Covid-19 cases are finally falling in the United States, welcome news after nearly two months of skyrocketing case counts driven by the highly infectious omicron variant.
“Nationally, the case numbers are coming down, which I consider an optimistic trend,” Dr. Rochelle Walensky, director of the Centers for Disease Control and Prevention, said at a White House Covid briefing Friday.
But the falling numbers don’t mean Americans are out of the woods.
That’s because, as cases fall, a huge number of people will still be infected: As many people who got sick as cases soared to their peak will get infected on the downward slope, said Dr. Jonathan Li, an infectious disease physician at Brigham and Women’s Hospital in Boston.
“It’s a great sign that the slope is going down but case rates remain very high,” he said.
Friday, the seven-day average of cases in the U.S. was 743,913 cases, down 7 percent from the week before, according to NBC News data. Deaths, however, rose slightly, from an average of 1,979 on Jan. 14 to 2,131 on Friday.
According to Katriona Shea, a professor of biology at Pennsylvania State University and a member of the coordination team for the Covid-19 Scenario Modeling Hub, a group of institutions that pool multiple models to create pandemic projections, cases and hospitalizations are expected to peak before the end of January in most states.
Cases are already falling in parts of the Northeast, Walensky said. “We are starting to see steep declines in areas that were first peaking, so areas of the Northeast — New York, Rhode Island, Connecticut — are really starting to come down.”
Shea said that cases in the rest of the country and deaths, which lag behind cases, are expected to trail shortly after.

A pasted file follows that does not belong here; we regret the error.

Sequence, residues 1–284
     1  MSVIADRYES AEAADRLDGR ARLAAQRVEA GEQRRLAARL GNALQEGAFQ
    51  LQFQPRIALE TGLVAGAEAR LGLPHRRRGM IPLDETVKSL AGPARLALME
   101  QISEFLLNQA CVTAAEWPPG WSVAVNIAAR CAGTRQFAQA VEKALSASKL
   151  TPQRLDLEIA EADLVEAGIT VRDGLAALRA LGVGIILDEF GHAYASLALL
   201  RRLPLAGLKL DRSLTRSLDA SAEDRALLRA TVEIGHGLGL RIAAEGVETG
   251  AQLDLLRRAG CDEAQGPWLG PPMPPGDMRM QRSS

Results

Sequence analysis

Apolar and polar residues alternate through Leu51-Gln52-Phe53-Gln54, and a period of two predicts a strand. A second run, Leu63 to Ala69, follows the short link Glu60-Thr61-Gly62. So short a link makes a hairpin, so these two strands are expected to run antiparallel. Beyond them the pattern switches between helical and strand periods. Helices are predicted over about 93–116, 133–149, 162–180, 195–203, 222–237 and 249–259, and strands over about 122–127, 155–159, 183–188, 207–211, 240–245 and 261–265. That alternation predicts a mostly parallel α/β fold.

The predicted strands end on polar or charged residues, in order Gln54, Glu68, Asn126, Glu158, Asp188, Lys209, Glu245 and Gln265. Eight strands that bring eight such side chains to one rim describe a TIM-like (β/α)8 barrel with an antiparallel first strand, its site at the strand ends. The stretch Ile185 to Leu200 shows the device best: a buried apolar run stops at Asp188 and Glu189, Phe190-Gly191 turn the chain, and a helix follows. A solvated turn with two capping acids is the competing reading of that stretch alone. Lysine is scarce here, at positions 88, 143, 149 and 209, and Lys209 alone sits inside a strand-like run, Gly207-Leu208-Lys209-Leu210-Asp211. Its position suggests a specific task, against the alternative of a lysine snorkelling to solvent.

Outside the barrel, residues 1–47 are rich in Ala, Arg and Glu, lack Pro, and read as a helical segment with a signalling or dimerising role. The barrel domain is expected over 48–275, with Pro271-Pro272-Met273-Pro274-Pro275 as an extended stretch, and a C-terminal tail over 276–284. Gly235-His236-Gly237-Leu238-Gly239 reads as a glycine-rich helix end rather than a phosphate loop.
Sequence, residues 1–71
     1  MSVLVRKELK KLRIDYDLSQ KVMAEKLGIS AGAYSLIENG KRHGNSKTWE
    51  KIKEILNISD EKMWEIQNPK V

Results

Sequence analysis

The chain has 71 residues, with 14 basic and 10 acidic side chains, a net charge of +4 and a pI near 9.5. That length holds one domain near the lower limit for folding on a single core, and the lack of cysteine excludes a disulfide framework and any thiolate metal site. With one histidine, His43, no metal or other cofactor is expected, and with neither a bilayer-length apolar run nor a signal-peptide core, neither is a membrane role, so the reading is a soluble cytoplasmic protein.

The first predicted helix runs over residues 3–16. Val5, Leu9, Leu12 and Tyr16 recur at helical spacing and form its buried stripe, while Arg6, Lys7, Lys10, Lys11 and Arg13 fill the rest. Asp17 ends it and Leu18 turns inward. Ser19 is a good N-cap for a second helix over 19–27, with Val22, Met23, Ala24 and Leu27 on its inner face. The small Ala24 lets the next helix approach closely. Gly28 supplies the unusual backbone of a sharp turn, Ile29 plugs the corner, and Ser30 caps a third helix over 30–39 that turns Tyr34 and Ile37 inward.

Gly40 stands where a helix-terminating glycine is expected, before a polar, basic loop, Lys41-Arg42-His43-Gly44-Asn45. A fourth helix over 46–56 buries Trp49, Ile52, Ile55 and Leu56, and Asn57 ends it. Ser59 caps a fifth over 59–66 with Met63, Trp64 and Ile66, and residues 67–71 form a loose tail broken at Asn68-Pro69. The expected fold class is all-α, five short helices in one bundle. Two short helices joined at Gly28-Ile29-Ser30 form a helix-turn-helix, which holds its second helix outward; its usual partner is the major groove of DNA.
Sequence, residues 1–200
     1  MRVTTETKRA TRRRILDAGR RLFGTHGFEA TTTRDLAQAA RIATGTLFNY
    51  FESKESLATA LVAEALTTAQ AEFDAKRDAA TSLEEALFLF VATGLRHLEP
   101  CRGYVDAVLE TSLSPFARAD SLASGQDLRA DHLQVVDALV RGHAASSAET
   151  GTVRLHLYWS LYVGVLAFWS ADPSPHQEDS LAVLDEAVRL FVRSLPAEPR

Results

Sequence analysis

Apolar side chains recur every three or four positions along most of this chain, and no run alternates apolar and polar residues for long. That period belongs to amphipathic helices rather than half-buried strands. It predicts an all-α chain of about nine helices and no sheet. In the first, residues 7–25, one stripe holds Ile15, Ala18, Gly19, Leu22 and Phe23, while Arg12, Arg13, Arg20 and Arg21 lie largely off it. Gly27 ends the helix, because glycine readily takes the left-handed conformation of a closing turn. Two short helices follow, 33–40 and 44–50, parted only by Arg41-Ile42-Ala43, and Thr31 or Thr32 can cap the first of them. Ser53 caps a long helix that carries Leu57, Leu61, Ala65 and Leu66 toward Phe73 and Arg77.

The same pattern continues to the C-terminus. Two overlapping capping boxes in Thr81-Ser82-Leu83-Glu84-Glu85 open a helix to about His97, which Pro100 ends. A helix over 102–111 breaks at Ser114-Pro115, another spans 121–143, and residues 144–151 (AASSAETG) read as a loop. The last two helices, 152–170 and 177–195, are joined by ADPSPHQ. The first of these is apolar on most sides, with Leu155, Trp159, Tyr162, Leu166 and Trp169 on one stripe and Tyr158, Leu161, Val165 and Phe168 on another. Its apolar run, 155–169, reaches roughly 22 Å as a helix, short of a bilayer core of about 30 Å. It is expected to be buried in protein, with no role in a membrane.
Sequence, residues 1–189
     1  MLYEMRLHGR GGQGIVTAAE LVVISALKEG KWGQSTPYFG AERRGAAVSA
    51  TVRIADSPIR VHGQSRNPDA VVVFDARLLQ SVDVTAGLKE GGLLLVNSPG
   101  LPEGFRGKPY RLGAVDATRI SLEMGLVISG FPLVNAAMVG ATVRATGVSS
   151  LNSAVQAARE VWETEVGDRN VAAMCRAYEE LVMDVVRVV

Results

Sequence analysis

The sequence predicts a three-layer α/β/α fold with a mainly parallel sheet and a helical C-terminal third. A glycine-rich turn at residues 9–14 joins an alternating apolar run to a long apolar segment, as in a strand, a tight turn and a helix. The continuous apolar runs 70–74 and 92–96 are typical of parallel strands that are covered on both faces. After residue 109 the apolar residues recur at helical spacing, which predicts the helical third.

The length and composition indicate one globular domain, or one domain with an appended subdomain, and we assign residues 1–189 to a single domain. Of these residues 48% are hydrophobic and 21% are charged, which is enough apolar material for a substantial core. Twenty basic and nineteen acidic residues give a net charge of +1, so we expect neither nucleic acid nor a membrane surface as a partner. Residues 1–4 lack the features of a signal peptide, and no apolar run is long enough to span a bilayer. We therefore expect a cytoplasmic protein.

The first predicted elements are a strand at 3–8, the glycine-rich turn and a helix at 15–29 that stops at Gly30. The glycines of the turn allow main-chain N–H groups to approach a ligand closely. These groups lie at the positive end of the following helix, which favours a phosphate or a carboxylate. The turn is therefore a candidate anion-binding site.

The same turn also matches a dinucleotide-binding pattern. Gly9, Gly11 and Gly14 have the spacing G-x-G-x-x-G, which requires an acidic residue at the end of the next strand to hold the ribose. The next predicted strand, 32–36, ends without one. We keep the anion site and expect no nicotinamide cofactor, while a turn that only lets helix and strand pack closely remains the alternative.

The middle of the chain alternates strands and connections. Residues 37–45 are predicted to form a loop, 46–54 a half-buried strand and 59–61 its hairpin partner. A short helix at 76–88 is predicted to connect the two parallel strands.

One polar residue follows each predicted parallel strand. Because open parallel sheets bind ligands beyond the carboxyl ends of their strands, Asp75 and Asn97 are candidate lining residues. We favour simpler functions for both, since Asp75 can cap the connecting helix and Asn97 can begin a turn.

It wouldn’t be surprising if we saw a few more bumps in the road.
Justin Lessler, University of North Carolina Gillings School of Public Health.
The big dropoff in cases in large states like New York can make the nationwide average look lower, even though cases are still rising in many states, but she expects all states to hit their peaks soon after Northeastern states.
Even so, people should not see this as a time to ease up on precautions, she said.
“People think that if the peak is at the end of January, then we’re done. But a lot of damage can be done on the other side of that peak,” Shea said.
The omicron variant now accounts for nearly 100 percent of new Covid cases in the nation, CDC data show. Although early evidence suggests this strain of the virus is less likely to cause severe disease than its predecessors, many more people are being infected than ever before, so the number of people dying will still be significant, she said.
People also shouldn’t expect a smooth decline.
“It wouldn’t be surprising if we saw a few more bumps in the road, temporary bounce backs that don’t get back at the level of the peaks we’re seeing now, but are still brief periods of increase on this general trend of a decline,” said Justin Lessler, a professor of epidemiology at the University of North Carolina Gillings School of Public Health in Chapel Hill.
These brief spikes will likely be driven by lags in reporting and behavior changes, such as traveling more over holiday weekends, he said.
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According to Li, although much of the decline is driven by immunity and fewer hosts for the variant to infect, behavior changes also play a vital role. If these behavior changes such as wearing masks ease up, it could blunt the speed of the decline, he said.
The latest Covid-19 Scenario Modeling Hub predictions, published Thursday, projected that by April, cases could drop to the lows seen in June 2021, before the delta wave hit.
What the models cannot predict, however, is how the virus may evolve.
“All it takes is one new variant,” Shea said. “There was no indication of omicron and there were other variants that did not take off. Omicron made a huge change and it’s definitely possible it could happen again.”
Joe Murphy contributed.